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How Food TV Expanded More Than Just My Palate


When we travel to North Carolina with Satterfield to meet cultural preservationist Gabrielle Etienne and become enamored of her community garden and commitment to both food accessibility and intergenerational connection, we’re told that the government is coming for not only her farm, but her family’s homes, under the guise of “eminent domain.” (Their properties stand where a proposed highway expansion is to take place.)

When we explore the world of the Black rodeo in Texas, we learn not just how erased they’ve been from popular culture, but that the word “cowboy” itself has ties to slavery.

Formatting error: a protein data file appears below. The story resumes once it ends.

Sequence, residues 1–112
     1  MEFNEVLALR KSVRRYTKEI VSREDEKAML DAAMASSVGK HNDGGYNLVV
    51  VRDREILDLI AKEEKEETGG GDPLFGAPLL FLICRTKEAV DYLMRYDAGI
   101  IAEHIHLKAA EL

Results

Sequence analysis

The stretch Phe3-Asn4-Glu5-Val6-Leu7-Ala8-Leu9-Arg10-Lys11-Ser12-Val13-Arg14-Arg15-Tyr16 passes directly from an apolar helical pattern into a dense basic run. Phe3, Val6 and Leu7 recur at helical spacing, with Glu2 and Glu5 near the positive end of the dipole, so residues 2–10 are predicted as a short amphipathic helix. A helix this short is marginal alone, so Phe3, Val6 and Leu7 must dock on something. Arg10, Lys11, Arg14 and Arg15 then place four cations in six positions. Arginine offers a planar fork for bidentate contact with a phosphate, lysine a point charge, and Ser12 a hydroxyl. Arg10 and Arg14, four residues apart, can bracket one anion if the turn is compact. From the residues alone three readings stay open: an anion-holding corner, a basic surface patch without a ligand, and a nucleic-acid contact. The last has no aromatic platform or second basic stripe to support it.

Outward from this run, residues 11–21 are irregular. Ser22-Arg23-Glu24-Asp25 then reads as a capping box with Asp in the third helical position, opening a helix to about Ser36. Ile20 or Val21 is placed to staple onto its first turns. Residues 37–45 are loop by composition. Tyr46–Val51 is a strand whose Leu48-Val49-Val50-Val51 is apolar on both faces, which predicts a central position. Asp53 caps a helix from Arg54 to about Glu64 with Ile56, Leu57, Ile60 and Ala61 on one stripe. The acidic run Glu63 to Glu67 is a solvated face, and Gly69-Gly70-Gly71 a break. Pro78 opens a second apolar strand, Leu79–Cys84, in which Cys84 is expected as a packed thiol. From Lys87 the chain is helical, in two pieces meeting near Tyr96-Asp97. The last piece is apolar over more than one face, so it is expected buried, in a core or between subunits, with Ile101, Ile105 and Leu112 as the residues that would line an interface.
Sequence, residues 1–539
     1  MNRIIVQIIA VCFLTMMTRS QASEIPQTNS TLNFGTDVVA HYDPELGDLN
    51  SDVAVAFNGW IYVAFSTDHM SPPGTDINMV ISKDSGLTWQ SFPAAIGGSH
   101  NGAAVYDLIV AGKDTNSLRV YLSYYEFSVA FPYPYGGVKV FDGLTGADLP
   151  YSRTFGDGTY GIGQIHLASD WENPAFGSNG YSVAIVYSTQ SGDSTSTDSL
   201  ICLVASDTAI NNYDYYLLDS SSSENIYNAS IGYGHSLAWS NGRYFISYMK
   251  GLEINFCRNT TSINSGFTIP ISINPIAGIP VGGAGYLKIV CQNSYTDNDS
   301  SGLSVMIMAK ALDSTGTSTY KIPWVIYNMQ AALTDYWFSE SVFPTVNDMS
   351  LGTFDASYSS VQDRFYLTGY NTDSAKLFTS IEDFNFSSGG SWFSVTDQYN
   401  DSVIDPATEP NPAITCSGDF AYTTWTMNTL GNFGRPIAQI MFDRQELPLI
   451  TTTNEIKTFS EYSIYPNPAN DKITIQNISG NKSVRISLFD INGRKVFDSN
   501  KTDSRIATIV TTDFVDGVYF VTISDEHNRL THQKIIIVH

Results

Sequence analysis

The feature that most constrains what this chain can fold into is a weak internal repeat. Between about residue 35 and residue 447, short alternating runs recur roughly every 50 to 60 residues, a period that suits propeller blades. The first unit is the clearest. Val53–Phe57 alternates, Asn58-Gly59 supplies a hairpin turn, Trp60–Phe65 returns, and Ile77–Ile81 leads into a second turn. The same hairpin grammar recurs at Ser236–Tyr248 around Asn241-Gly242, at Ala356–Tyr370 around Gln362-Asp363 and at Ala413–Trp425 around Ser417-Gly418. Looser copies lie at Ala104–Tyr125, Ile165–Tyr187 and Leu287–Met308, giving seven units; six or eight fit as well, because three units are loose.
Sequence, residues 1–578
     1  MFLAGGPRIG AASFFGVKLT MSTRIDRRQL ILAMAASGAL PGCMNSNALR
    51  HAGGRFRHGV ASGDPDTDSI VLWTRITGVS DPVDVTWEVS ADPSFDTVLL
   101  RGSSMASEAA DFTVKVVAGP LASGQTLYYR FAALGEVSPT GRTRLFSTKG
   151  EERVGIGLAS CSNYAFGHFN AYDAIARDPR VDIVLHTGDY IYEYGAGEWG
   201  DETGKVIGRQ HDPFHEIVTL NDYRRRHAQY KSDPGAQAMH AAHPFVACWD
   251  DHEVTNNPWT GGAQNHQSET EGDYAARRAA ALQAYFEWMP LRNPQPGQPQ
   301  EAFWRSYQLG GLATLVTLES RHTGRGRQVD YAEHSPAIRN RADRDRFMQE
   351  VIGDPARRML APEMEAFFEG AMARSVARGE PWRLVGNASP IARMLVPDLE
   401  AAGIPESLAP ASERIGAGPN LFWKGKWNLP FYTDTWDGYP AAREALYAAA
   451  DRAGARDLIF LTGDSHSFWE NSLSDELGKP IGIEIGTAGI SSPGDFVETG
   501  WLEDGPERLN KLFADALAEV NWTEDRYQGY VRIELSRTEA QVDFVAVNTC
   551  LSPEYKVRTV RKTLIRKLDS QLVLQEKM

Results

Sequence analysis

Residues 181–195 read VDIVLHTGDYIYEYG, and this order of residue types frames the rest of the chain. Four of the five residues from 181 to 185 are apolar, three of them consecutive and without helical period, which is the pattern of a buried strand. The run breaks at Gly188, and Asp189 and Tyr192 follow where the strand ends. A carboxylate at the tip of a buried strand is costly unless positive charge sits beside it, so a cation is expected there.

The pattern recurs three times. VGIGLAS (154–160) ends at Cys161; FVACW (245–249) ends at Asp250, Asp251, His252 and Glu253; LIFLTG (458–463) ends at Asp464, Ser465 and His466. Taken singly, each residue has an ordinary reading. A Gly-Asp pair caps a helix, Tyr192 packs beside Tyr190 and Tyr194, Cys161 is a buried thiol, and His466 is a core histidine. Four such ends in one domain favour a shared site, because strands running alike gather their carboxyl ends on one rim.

Across its four hours, High on the Hog is full of moments like these, pieces of past and present that fill in an American history that we all ought to know, but don’t. (Wait until you hear about the origins of catering. It’ll blow your mind, but also make perfect sense.) And while it’s a shame that, in the year 2021, a Netflix docuseries is where most people will learn these things for the first time, there’s some solace to be taken in the tender and thoughtful way in which these stories are finally being told.



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